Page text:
coffee-cigarettes-smoking-400x400.jpgTo explore the relationship between smoking and caffeine, Munafo and his colleagues analysed data from biobanks in the UK, Norway and Denmark. They were particularly interested in people who had inherited a variant of a gene that has already been shown to increase cigarette smoking.

Chain drinking

The team found that people who had this gene variant also consumed more coffee – but only if they smoked. British people with the same variant also drank more tea, although their Danish and Norwegian counterparts didn’t. This is probably due to cultural differences, says Munafò. “People in Norway and Denmark don’t chain drink tea in the same way that people in the UK do,” he says.

The genetic variant seems to influence how much nicotine a person consumes. You can have zero, one or two copies – and each additional copy is linked to an increase in smoking of about one cigarette per day. Each copy also appears to increase coffee consumption by 0.15 cups per day.

“You could extrapolate from that and say that if you smoked 10 cigarettes per day more than the next person, you would be drinking the equivalent of about one and a half extra cups of coffee per day,” says Munafò. He is wary of doing so, though, because the amount of nicotine a person gets from a cigarette will depend on the type of cigarette and the way it is smoked.

The gene variant codes for a nicotine receptor, which is not known to directly interact with caffeine. This suggests that cigarette smoking increases caffeine consumption and not the other way around.

“The team have used a rather clever technique to establish causality, which normally you wouldn’t stand a cat in hell’s chance of doing with an epidemiological study,”

Robert West – University College London.

What’s the link?

There’s a chance that cigarette smoking and caffeine consumption are linked through habit – that smokers tend to pair the two. But Munafò thinks that the nicotine in cigarettes might also influence the way a person metabolises caffeine. “It’s possible that smokers metabolise caffeine more quickly,” he says. If that is the case, smokers might need to consume more caffeine to get the same effects that a non-smoker would experience.

It’s also possible that the apparent link between smoking and coffee drinking could be down to some unknown function of the genetic variant, says West. “It evolved for a purpose, and it wasn’t to smoke,” he says.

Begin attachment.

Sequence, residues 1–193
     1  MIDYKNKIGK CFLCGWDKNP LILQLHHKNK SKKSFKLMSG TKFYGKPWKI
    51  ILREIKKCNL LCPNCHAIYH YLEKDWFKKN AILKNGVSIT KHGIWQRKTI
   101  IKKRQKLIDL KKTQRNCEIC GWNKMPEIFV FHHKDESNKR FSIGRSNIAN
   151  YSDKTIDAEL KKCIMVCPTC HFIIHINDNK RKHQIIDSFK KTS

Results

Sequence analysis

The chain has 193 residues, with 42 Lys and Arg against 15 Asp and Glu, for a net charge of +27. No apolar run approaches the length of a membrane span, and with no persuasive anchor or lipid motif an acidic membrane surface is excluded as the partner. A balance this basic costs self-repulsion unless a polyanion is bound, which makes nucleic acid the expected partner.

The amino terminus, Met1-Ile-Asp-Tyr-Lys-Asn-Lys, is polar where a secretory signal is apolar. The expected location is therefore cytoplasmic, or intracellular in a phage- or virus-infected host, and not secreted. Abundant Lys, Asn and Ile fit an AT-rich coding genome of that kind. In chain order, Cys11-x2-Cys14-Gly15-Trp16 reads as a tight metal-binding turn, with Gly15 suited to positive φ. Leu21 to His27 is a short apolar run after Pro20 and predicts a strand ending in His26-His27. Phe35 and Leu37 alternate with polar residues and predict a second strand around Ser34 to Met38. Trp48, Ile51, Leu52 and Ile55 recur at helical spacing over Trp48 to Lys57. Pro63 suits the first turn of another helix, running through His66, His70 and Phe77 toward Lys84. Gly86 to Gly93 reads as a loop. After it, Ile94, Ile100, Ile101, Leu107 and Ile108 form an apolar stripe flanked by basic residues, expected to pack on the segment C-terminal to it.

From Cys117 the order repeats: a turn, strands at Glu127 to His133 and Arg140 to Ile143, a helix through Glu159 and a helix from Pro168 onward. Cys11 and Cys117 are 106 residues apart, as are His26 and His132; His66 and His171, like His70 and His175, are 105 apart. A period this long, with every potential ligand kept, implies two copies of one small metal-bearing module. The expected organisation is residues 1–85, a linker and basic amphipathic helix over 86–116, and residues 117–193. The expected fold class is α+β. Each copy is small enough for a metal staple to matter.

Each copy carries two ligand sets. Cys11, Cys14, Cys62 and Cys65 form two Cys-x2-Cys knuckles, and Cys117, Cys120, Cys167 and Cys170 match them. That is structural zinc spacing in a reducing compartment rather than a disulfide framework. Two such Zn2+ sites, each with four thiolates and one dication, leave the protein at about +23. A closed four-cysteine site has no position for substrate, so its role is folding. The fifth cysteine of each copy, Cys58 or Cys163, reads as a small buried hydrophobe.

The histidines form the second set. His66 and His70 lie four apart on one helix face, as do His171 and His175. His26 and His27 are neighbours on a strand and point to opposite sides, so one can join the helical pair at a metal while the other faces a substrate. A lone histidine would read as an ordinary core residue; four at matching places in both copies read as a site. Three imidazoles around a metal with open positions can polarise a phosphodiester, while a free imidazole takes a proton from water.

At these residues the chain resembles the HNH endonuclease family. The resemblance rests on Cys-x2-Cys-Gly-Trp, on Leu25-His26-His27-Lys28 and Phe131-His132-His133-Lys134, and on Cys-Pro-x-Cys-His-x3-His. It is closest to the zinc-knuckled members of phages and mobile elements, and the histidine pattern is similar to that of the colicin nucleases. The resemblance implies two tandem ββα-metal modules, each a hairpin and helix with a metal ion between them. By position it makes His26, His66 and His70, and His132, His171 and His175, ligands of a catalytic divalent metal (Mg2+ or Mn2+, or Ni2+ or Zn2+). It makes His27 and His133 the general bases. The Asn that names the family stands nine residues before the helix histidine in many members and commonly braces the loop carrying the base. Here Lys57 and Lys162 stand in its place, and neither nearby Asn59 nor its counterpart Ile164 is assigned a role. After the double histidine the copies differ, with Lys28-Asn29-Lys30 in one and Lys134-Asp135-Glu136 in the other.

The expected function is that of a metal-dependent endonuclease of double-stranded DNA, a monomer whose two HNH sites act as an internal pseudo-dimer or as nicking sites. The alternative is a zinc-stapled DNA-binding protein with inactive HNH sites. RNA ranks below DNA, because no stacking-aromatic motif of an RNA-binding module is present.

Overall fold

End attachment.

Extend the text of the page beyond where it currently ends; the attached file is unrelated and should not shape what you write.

A relationship between smoking and coffee might make it harder for smokers to quit, says Munafò. If a smoker stops smoking, but continues to drink plenty of coffee, they might start to experience unpleasant side effects, such as jitteriness. This might be misinterpreted as a symptom of smoking withdrawal, says Munafò. His team plans to investigate this.

newscience
By Jessica Hamzelou

Journal reference: bioRxiv, DOI: 10.1101/107037

John Britton speaks to RegWatchCanada on #COP7FCTC and the World Health Organization’s view of E-cigarettes

Just as vapers in several countries began to feel like events may finally be turning in favor of e-cigarettes as a harm reduction tool, the harsh realities of the global public health movement shattered any optimism.

The World Health Organization is just wrapping its Conference of the Parties to the Framework Convention on Tobacco Control, known as COP7, in India and according to professor John Britton, Chair of the Tobacco Advisory Group at the Royal College of Physicians in Britain (RCP), the future for vaping looks bleak.

The RCP, Public Health England and the UK Centre for Tobacco and Alcohol Studies have all endorsed e-cigarettes as a vital tool in the battle to end the tobacco epidemic.

Tune in to this special edition of RegWatch and learn why officials from England’s top public health organizations fear that pending WHO regulatory action on e-cigarettes could kill millions of people.

RegulatorWatch.com

screen-shot-2016-11-14-at-10-59-59screen-shot-2016-11-14-at-11-00-27

Click here to read the UKCTAS commentary on the WHO report on e-cigarettes. –  Released 26/10/2016

FRANCE-SMOKING-TOBACCO-CIGARETTE

Research associate position available at the University of Bath | Tobacco Control Research Group | Fixed Term

bathThe University of Bath is seeking to appoint a Research Associate in Public Health/Applied Policy Research based at the University of Bath’s Tobacco Control Research Group within the Department for Health, which is part of the UK Centre for Tobacco and Alcohol Studies (UKCTCS).